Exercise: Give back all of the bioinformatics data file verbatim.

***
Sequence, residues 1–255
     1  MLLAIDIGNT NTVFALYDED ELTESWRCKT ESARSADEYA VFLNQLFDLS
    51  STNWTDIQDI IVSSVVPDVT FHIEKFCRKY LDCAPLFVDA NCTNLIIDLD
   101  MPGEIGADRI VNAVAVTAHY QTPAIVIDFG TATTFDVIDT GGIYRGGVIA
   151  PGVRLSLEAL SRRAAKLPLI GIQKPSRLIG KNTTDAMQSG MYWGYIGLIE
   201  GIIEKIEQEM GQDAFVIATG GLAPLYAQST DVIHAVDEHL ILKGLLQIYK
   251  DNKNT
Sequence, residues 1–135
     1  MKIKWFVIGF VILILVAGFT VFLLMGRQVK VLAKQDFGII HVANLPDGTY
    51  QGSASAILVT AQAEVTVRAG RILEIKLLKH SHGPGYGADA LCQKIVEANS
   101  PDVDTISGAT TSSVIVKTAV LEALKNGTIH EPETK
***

Sequence, residues 1–255
     1  MLLAIDIGNT NTVFALYDED ELTESWRCKT ESARSADEYA VFLNQLFDLS
    51  STNWTDIQDI IVSSVVPDVT FHIEKFCRKY LDCAPLFVDA NCTNLIIDLD
   101  MPGEIGADRI VNAVAVTAHY QTPAIVIDFG TATTFDVIDT GGIYRGGVIA
   151  PGVRLSLEAL SRRAAKLPLI GIQKPSRLIG KNTTDAMQSG MYWGYIGLIE
   201  GIIEKIEQEM GQDAFVIATG GLAPLYAQST DVIHAVDEHL ILKGLLQIYK
   251  DNKNT
Sequence, residues 1–135
     1  MKIKWFVIGF VILILVAGFT VFLLMGRQVK VLAKQDFGII HVANLPDGTY
    51  QGSASAILVT AQAEVTVRAG RILEIKLLKH SHGPGYGADA LCQKIVEANS
   101  PDVDTISGAT TSSVIVKTAV LEALKNGTIH EPETK